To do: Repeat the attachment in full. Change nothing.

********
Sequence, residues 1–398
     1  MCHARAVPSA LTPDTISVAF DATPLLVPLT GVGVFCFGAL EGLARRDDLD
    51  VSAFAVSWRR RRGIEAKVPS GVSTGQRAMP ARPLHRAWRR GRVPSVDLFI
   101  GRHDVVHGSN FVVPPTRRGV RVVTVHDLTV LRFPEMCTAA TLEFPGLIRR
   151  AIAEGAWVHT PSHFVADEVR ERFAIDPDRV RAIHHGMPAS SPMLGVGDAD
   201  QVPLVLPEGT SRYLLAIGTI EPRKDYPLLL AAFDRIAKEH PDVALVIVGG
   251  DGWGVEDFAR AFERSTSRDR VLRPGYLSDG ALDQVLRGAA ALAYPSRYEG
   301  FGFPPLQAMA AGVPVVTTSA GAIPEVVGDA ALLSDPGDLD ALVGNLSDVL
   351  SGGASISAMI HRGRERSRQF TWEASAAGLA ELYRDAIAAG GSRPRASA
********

Sequence, residues 1–398
     1  MCHARAVPSA LTPDTISVAF DATPLLVPLT GVGVFCFGAL EGLARRDDLD
    51  VSAFAVSWRR RRGIEAKVPS GVSTGQRAMP ARPLHRAWRR GRVPSVDLFI
   101  GRHDVVHGSN FVVPPTRRGV RVVTVHDLTV LRFPEMCTAA TLEFPGLIRR
   151  AIAEGAWVHT PSHFVADEVR ERFAIDPDRV RAIHHGMPAS SPMLGVGDAD
   201  QVPLVLPEGT SRYLLAIGTI EPRKDYPLLL AAFDRIAKEH PDVALVIVGG
   251  DGWGVEDFAR AFERSTSRDR VLRPGYLSDG ALDQVLRGAA ALAYPSRYEG
   301  FGFPPLQAMA AGVPVVTTSA GAIPEVVGDA ALLSDPGDLD ALVGNLSDVL
   351  SGGASISAMI HRGRERSRQF TWEASAAGLA ELYRDAIAAG GSRPRASA